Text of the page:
The University of York has issued an apology for having the audacity to observe International Men’s Day. The move comes after feminists complained that the event is not about them.
The original event listing—which has since been removed and replaced with the apology—described International Men’s Day as an holiday dedicated to “highlighting some of the issues that have an adverse impact on equality for men.”
Dr. Adrian Lee, from the University’s Equality & Diversity Committee, wrote, “In the area of gender equality, the focus has rightly been on raising awareness about – and removing barriers for – women. We are, however, also aware of some of the specific issues faced by men.”
According to Lee, “Men are under-represented in the student population as a whole; they are also significantly under-represented in a number of academic disciplines across all three faculties.”
The event listing stated men have their own particular “significant“ challenges.
“Boys underperform at school compared to girls," Lee said. "Men are 20 times more likely than women to go to prison; they are much more likely to be victims of violent crime, are more likely to commit suicide and have a lower life expectancy than women. Men are also less likely to access mental health services and other forms of support when they need them. “
In response to the school’s plan to have a day devoted to discussing the real issues impacting men, over 200 people signed an open letter calling insisting the event should be canceled because International Men’s Day is not about women.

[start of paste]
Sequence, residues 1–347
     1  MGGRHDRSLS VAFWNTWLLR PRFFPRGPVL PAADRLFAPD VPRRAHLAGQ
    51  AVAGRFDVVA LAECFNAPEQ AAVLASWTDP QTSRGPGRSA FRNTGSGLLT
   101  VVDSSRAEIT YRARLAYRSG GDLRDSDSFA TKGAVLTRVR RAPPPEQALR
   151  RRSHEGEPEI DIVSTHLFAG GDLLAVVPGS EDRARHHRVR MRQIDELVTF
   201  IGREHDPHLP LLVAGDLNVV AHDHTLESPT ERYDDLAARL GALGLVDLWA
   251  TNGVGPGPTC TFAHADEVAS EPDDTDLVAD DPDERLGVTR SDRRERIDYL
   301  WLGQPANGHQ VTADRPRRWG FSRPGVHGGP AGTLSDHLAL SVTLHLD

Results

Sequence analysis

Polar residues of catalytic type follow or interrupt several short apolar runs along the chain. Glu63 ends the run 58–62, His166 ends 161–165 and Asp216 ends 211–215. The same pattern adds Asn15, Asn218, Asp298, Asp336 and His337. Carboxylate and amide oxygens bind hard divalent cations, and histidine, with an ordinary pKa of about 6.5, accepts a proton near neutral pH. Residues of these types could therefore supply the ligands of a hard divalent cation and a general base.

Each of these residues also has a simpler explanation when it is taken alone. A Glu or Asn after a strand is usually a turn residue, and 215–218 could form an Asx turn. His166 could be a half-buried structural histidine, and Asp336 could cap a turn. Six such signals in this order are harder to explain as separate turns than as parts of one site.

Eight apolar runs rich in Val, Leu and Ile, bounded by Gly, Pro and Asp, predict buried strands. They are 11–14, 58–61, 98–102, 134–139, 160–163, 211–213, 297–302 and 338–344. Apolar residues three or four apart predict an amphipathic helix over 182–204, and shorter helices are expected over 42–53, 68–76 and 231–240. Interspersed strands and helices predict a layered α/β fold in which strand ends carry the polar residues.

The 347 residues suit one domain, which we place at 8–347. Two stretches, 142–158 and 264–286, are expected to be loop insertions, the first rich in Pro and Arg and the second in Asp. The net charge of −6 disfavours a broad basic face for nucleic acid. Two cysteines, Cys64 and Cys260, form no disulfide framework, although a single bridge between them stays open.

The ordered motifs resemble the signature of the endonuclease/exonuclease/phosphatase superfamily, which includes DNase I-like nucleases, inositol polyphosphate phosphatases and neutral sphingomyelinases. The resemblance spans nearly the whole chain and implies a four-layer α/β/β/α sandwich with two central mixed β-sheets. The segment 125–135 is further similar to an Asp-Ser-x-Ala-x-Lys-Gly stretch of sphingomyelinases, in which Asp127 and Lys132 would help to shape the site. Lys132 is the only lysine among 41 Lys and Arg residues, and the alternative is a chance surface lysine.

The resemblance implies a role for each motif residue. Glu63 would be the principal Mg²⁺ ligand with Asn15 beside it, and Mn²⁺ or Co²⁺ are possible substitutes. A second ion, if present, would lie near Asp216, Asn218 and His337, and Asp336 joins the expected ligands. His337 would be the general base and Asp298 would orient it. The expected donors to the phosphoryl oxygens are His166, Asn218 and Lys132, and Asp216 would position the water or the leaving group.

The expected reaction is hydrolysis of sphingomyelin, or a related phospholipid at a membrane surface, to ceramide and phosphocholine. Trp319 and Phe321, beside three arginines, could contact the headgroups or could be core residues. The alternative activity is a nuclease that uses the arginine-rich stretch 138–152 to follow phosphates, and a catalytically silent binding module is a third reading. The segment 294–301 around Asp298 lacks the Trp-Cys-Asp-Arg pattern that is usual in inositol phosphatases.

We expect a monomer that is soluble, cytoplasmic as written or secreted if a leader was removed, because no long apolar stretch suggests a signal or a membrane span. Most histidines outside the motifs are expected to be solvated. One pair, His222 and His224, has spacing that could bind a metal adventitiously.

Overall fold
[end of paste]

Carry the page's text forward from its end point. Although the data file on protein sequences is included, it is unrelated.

The letter reads, “According to its official UK website, ‘International Men’s Day’ exists to raise awareness of global issues facing men and boys, and to ‘celebrate the contribution that men make.’ It does not, however, seek a dialogue on such issues with women’s equality campaigns or initiatives.”
The signers also took offense to the idea that “gender equality is for everyone”—not just women.
“A day that celebrates men’s issues – especially those outlined in the University’s statement – does not combat inequality, but merely amplifies existing, structurally imposed inequalities. The closing remark – ‘gender equality is for everyone’ – echoes misogynistic rhetoric that men’s issues have been drowned out by the focus on women’s rights.”
Activists took to Twitter with the hashtag “#UoYMensDay” to show their discontent over the idea that not everything is about them:
In the typical, eventual apology on the University of York’s website, the school wrote, “The intention was to draw attention to some of the issues men tell us they encounter and to follow this up by highlighting in particular the availability of mental health and welfare support which we know men are sometimes reluctant to access.”
The school also apologized for daring to mention men could potentially have their own problems and stated that, instead, “the main focus of gender equality work should continue to be on the inequalities faced by women.”
Feminist and sociology Ph.D student Anaïs Duong-Pedica, who ironically specializes in suicide (one of the major topics intended to be covered by International Men’s Day), gloated over the news of the observance being canceled:
Glen Poole, coordinator for the UK International Men’s Day, said he was “deeply saddened” by the school’s decision to cancel International Men’s Day.
“When 13 a men a day in the UK are dying from suicide, it is essential that everyone in positions of power, trust and influence does everything they can to help men talk about the issues that affect them, and that includes the academic community and student representatives,” Poole said.
International Men’s Day is observed on Nov. 19.
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